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Sitecore JavaScript Services - How to Publish JSS Components as NPM Packages

In this post:
  1. 1. Prepping and Publishing the NPM package
    1. 1.1. Create a new JSS app to contain the reusable components
    2. 1.2. Build components
    3. 1.3. Prepare definition files for packaging
    4. 1.4. Prepare src files for packaging
    5. 1.5. Organize package.json dependencies
    6. 1.6. Generate the package
  2. 2. Consuming the NPM package
    1. 2.1. Import the external JSS components
    2. 2.2. Update manifest generation to include external modules
    3. 2.3. Update component factory to include external modules
  3. 3. Source Code
  4. 4. Lessons Learned
  5. 5. Helpful Resources

This post is part of a series - Sitecore JavaScript Services (JSS) Sandbox

Component reuse is an important subject for developers. As I was building structural grid components for my JSS app, I thought, “all projects need grid components, so is it possible to package these up for reuse?” So I set out to create a POC of the idea. This post shares how I published JSS components as an npm package that can be imported into other JSS projects.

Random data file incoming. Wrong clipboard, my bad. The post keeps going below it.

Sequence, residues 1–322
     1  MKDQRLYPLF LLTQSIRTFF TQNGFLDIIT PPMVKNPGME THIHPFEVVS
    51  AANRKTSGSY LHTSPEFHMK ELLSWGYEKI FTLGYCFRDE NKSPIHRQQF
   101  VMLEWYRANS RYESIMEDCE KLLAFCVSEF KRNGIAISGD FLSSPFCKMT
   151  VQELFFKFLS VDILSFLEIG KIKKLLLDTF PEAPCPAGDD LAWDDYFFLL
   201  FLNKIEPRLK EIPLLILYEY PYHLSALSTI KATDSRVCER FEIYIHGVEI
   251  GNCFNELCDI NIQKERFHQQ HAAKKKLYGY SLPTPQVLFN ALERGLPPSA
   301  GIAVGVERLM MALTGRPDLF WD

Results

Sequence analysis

Prepping and Publishing the NPM package

JSS components consist of two files - definition files (sitecore\definitions\components) and src files (src\components). Both need to be packaged into the module, but in different ways. This section covers how to prep the package.

Create a new JSS app to contain the reusable components

The first step was to create a new, separate project for the grid components.

If you use one of the default starters to create your app, be sure to delete all the sample StyleGuide and GraphQL components so that they don’t get packaged into your module.

I used a stripped down react starter. It’s based on the default JSS react starter, but with the following changes:

  • all StyleGuide and GraphQL boilerplate removed
  • References to i18n removed
  • References to bootstrap removed
  • Scripts and commands for connected mode removed
    The purpose of a stripped down starter is for quick prototyping of disconnected react components only.

Build components

I built and tested the JSS components in disconnected mode per the normal process; no special steps here. I built two components - a One Column and a Two Column. I used Rebass Grid for the responsive grid framework. The Two Column component had a field for column width. By nesting these components and varying column width, I was able to achieve any grid pattern.

Prepare definition files for packaging

To make testing easier, I used a ContentBlock component that had fields for text and background color. Since this component is purely for testing purposes, and shouldn’t be included in the final package, I moved its definition file into a separate directory. So my component definition files were structured like this:

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sitecore
definitions
components
Grid1Column.sitecore.js
Grid2Column.sitecore.js
test
ContentBlock.sitecore.js